Chuck Smith, 86, Dies After Cancer Battle
Chuck Smith, the evangelical pastor whose outreach to hippies in the 1960s helped transform worship styles in American Christianity and fueled the rise of the Calvary Chapel movement, died Thursday, Oct. 3, 2013, after a battle with lung cancer. He was 86.
Diagnosed in 2011, Smith continued to preach and oversee administration at Calvary Chapel Costa Mesa (California), where he'd been pastor since 1965. In 2012, he established a 21-member leadership council to oversee the Calvary Church Association, a fellowship of some 1,600 like-minded congregations in the United States and abroad.
Smith was known for expository preaching as he worked his way through the entire Bible, unpacking texts from Genesis through Revelation and offering commentary along the way.
Yet it was his openness to new cultural styles, including laid-back music and funky fashions of California's early surfer scene, that helped him reach young idealists and inspire a trend toward seeker-sensitive congregations.
"He led a movement that translated traditional conservative Bible-based Christianity to a large segment of the baby boom generation's counterculture," says Brad Christerson, a Biola University sociologist who studies charismatic churches in California. "His impact can be seen in every church service that has electric guitar-driven worship, hip casually-dressed pastors, and 40-minute sermons consisting of verse-by-verse Bible expositions peppered with pop-culture references and counterculture slang."
Born to a Bible-quoting mother and a salesman father who became a zealous convert in midlife, Smith grew up in Southern California, where he witnessed to the Gospel from a young age.
After Bible college training and a stint as a traveling evangelist, he sought a niche in Pentecostalism by pastoring several Church of the Foursquare Gospel congregations. But he confesses in Chuck Smith: A Memoir of Grace: "I just never succeeded" in that denominational environment.
He found his groove in the 1960s, when many evangelicals were frowning on the wild outfits, long hair and psychedelic music that were all the rage among young adults. One seminal moment came during his early days at Calvary Chapel Costa Mesa, where old guard trustees posted a sign in their renovated sanctuary: "no bare feet allowed." Smith tore it down with a promise to reach young souls for Christ, even it meant throwing out new pews and carpeting and bringing in steel folding chairs.
"Lifestyle issues and morality issues were things that he would expect Christ would clean up in these folks lives," said Larry Eskridge, associate director of the Institute for the Study of American Evangelicals at Wheaton College. "But the informality of these folks and the music they were fond of – he was willing to let that slide quite a bit."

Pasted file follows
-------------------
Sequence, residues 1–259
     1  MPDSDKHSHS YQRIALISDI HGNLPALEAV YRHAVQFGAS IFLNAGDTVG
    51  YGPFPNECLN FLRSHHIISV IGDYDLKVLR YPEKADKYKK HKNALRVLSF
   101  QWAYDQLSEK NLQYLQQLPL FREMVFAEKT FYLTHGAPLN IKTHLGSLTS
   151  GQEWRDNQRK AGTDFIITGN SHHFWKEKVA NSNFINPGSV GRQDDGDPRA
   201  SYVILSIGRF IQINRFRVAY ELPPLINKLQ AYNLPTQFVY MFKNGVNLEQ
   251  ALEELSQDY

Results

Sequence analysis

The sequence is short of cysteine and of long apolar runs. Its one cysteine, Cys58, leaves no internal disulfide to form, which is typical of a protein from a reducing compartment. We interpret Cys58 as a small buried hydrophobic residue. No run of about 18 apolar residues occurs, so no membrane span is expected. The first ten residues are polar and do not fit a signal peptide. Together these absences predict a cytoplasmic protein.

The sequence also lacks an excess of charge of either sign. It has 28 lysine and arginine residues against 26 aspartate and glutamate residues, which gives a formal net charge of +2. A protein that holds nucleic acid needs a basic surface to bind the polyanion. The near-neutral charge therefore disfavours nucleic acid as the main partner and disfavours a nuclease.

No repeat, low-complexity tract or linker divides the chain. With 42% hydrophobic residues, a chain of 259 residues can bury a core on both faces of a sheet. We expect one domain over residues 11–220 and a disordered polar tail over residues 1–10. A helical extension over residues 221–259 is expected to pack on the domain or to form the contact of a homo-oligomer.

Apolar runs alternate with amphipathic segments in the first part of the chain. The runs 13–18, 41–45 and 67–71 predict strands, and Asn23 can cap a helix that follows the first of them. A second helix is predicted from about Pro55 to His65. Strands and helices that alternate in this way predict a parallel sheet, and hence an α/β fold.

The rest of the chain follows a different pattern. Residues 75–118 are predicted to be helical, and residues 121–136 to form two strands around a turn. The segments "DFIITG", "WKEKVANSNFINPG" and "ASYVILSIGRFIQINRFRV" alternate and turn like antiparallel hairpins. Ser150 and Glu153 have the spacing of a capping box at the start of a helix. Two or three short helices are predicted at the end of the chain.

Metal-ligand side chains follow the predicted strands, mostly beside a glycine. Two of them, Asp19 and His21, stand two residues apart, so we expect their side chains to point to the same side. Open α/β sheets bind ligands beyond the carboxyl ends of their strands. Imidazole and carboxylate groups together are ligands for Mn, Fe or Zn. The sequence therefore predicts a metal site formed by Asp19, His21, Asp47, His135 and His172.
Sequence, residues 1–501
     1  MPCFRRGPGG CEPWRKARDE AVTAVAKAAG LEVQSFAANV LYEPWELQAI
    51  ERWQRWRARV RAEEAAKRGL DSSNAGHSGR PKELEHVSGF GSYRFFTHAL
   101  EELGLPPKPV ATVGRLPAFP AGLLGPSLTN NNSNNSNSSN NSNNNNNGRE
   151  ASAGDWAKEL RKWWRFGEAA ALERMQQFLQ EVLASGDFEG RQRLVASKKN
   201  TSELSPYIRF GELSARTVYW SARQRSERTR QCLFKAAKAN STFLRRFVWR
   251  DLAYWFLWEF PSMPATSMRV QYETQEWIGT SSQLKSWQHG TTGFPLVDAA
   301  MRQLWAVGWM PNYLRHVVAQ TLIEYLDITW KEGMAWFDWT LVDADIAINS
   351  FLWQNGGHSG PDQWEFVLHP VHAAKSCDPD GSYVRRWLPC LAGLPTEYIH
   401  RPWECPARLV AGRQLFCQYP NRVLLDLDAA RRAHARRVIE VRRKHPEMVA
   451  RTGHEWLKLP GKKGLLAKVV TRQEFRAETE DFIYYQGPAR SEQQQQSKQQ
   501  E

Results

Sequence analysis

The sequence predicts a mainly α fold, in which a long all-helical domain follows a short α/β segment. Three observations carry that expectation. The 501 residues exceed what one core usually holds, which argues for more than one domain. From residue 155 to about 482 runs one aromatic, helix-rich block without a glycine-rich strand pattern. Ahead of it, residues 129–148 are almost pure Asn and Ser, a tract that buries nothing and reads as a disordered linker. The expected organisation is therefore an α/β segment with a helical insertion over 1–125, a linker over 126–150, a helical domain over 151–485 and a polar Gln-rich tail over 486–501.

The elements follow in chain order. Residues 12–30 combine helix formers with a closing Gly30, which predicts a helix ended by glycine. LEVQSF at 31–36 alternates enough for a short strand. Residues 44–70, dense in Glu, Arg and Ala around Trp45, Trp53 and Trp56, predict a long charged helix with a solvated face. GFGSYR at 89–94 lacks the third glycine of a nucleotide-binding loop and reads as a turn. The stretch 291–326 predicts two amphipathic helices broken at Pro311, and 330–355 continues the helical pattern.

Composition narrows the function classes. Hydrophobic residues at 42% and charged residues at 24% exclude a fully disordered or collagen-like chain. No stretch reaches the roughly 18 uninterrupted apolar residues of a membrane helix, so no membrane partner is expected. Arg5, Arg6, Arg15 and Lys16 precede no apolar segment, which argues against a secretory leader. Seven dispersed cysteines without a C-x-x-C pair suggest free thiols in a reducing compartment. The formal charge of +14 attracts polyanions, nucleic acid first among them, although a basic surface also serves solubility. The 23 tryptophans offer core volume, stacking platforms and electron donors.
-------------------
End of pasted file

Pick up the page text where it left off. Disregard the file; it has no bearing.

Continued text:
Smith never became a hippie, Eskridge said. But he nonetheless won a following as a non-judgmental father figure by welcoming a blend of pop music, poetry and aspiration to live like Jesus. Together with hippie Lonnie Frisbee, Smith helped propel the Jesus People Movement, with its embrace of Christ's teachings and disavowal of institutional church trappings.
Smith also pioneered translations of Gospel teachings into 20th-century pop art forms. In 1971, he launched Maranatha! Music, a pioneering record label designed to promote the "Jesus music" that his young followers were producing on the California coast.
Ministries born in the 1960s and 70s grew into a distribution empire. By 2013, Smith's radio and television programs were airing in more than 350 cities around the world. The Word for Today, a publishing program begun in 1978, now packages Smith's messages through books for adults and children, DVDs, CDs and other channels.
"From age 50 on up would be his larger fan base," said Word for Today General Manager Mark Rich. But Smith's easy-to-understand messages keep attracting followers from other demographics, Rich says, because "Pastor Chuck has always been able to relate to the younger crowd and to children."
Never a denominational man, Smith forged a different type of fellowship among congregations as word of his success spread. Calvary Chapels, concentrated largely in coastal population centers, reflect Smith's preferences for authoritative male pastors, expository preaching and openness to contemporary music. What Eskridge describes as "restrained exuberance" in worship has spread from Costa Mesa to Calvary Chapels on the East Coast and beyond.
Some in other Protestant groups now look to Smith as a role model, whose methods have become the stuff of seminary workshops.
"Chuck Smith is one of my heroes," said Kurt Frederickson, a church vitality expert who invokes Smith's work when he trains pastors in Fuller Theological Seminary's doctor of ministry program. "He's able to read the culture and to see a group of people who've been marginalized by the institutional church and say, 'these people too should be cared for'…. So he opens up his arms."
In Smith's absence, the Leadership Council of the Calvary Chapel Association will continue to govern the fellowship's affairs.
Early today, Evangelist Greg Laurie posted on his blog, "I am so sorry to tell all of you that our friend, pastor Chuck Smith, has died." At age 19, Laurie began ministry under Chuck Smith's leadership. Laurie is the founding pastor of Harvest Christian Fellowship in Riverside, California.